Of the 30 studies on spousal smoking referred to in the EPA report, only 6 found any statistically significant association between ETS and cancer in nonsmokers married to smokers, and none found a strong relative risk. The studies actually used by the EPA were limited to 11 studies done in the United States. Using the EPA's own Guidelines for Carcenogenic Risk Assessment, none of these showed a statistically significant risk. These guidelines call for a 95% Confidence Interval. By lowering it to 90%, only one of the 11 studies showed a statistically significant risk. More importantly, the two largest and most recent studies, one of which was partially funded by the National Cancer Institute, were omitted from consideration altogether. Had these two been included, no statistically significant risk would have been found even after lowering the Confidence Interval to 90%. Even after violating its own guidelines, in other words, the EPA could still show no statistically significant risk without selecting data to fit its hypothesis. This cooked data is the EPA's only basis for declaring ETS to be a "Group A" carcinogen. ("Group A", incidentally, does not mean "extra deadly". It simply means "human".)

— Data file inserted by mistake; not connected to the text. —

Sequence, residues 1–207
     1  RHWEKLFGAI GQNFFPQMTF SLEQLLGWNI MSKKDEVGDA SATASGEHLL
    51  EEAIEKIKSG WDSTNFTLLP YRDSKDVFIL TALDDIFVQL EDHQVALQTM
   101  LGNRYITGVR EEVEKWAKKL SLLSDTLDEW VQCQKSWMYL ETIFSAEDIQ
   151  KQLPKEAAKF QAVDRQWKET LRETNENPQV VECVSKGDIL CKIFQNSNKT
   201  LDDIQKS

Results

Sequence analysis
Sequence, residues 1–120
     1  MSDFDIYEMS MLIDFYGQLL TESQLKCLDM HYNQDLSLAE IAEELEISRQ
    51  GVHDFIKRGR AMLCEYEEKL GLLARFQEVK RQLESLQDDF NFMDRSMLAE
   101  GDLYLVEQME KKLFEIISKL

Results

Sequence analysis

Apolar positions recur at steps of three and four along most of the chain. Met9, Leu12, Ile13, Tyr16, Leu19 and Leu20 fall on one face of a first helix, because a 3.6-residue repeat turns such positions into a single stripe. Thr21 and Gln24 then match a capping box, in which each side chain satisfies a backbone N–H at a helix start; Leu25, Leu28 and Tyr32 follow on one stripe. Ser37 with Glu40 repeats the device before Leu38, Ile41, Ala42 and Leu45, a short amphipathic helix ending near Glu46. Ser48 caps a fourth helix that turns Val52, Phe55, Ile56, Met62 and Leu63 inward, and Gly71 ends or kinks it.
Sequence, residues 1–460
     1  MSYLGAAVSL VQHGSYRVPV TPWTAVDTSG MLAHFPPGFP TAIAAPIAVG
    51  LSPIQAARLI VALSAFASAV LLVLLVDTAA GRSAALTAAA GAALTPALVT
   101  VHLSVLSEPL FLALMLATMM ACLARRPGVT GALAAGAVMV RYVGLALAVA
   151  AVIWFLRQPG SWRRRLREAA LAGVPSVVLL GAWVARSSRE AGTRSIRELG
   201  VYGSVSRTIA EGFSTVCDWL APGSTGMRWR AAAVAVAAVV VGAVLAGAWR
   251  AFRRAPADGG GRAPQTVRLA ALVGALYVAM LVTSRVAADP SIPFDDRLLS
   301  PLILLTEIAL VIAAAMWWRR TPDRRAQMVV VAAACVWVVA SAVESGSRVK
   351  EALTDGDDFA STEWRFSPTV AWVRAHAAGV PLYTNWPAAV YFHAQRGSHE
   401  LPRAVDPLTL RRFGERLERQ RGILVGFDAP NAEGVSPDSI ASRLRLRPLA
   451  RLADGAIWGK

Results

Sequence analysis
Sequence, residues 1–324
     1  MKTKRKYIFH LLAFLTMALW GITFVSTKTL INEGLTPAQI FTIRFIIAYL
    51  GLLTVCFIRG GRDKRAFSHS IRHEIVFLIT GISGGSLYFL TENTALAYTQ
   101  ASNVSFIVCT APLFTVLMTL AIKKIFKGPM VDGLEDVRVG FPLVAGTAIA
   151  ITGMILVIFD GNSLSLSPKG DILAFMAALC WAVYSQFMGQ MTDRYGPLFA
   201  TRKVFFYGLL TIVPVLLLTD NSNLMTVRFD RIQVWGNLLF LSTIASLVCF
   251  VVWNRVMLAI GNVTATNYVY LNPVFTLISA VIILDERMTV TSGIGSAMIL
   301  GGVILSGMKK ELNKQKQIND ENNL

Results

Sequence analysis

The EPA's studies on ETS operate under a "zero threshold" hypothesis, or the assumption that if huge quantities of something are dangerous, then microscopic quantities are dangerous also. The data they used, however, fails to bear this out: virtually all of the studies used either found no risk at all or a risk so weak that it would not be considered significant if applied to other subjects.